Overview

Throughout its long history, Niagara has remained true to the Vincentian principles of preparing students for personal and professional success while remaining committed to the values of its patron, St. Vincent de Paul, as well as to its Catholic heritage. Niagara relies on a tradition of five Vincentian virtues, which breed confidence. It puts scholarship in action, which produces clarity about one's self and the world. It  encourages all to seek the "good" and to find their divinely given purpose.

Niagara University History

Who was St. Vincent de Paul?

St. Vincent de Paul was a Catholic priest of the 17th century who "changed the face of France." He put into place a complex and effective organization to address the bodily and spiritual needs of the people of his time, and set up structures to ensure that his good works would be effective, flexible, and lasting. He was one of the pioneers of the promotion of lay involvement in the Church, and of the empowerment of women in Church and society. He was an exceptionally skilled organizer planner. Yet, in all of that, he was a humble, holy man. One of his foundations, the Congregation of the Mission -- known in this country as the Vincentian Priests and Brothers -- sponsors and leads the University. St. Vincent's ideas shaped a constantly growing worldwide movement now known as the Vincentian Family. Every Niagaran is a part of that great tradition.

History

Niagara University was founded in 1856 as the College and Seminary of Our Lady of Angels, which began with six students and two faculty. The founders of the university, Vincentians Priests, the Most Rev. John Timon, C.M. and Rev. John J. Lynch, C.M., purchased two adjoining farms, the Vedder and De Veaux farms, on Monteagle Ridge.   Over the next 25 years, the college and seminary grew and prospered producing graduates that entered such fields as the priesthood, law and medicine, teaching, journalism and many others. Indeed, by the spring of 1863, the college had become so successful that the New York Legislature granted a charter empowering the college and seminary to award degrees to its graduates.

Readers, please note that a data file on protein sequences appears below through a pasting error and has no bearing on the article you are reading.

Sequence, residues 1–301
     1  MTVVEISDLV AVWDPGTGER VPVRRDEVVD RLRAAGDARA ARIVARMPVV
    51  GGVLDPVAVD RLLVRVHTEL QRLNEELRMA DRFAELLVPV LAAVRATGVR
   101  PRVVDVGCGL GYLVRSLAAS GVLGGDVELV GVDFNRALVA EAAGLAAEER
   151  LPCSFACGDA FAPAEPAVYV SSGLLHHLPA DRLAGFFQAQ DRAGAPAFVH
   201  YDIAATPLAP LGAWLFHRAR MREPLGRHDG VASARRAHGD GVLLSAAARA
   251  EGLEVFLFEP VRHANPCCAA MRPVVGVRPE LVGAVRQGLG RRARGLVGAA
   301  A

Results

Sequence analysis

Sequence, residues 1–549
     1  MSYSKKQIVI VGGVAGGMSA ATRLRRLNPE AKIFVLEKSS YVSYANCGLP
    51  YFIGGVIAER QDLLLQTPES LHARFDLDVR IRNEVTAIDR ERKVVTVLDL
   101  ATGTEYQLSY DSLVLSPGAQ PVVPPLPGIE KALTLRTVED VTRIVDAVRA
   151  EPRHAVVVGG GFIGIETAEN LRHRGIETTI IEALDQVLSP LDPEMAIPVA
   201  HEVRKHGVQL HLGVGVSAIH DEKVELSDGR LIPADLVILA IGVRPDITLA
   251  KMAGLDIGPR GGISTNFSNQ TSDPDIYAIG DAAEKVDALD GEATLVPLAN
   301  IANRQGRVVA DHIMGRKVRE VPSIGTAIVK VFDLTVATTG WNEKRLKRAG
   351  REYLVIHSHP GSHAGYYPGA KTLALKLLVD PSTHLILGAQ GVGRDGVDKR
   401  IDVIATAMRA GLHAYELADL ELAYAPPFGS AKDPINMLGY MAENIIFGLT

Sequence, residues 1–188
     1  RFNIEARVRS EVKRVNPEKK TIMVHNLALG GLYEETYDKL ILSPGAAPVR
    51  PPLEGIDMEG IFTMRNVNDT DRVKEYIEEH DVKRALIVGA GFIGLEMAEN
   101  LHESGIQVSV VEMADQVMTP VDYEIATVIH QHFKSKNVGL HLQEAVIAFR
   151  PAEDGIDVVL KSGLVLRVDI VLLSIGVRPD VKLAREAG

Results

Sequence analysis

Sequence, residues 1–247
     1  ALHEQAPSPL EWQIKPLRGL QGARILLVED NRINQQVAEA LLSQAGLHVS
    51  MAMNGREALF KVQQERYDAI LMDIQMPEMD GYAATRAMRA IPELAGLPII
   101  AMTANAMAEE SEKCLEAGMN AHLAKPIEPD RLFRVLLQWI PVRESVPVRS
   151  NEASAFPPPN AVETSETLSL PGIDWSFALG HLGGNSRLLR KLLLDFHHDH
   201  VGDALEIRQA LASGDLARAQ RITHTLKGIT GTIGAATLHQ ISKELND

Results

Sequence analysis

Twenty-five years after its founding, on August 7, 1883, Grover Cleveland, then governor of New York, gave permission to the college and seminary to change its name to Niagara University. The seminary remained a full and vibrant part of the university community until 1961 when it was moved to Albany, New York.

The university has evolved over its long history into an institution that offers degree programs in the Arts and Sciences, Business and Teaching, and Hospitality and Tourism. 

St. Vincent de Paul

Who was St. Vincent de Paul?

St. Vincent de Paul was a Catholic priest of the 17th century who "changed the face of France." He put into place a complex and effective organization to address the bodily and spiritual needs of the people of his time, and set up structures to ensure that his good works would be effective, flexible, and lasting. He was one of the pioneers of the promotion of lay involvement in the Church, and of the empowerment of women in Church and society. He was an exceptionally skilled organizer planner. Yet, in all of that, he was a humble, holy man. One of his foundations, the Congregation of the Mission -- known in this country as the Vincentian Priests and Brothers -- sponsors and leads the University. St. Vincent's ideas shaped a constantly growing worldwide movement now known as the Vincentian Family. Every Niagaran is a part of that great tradition.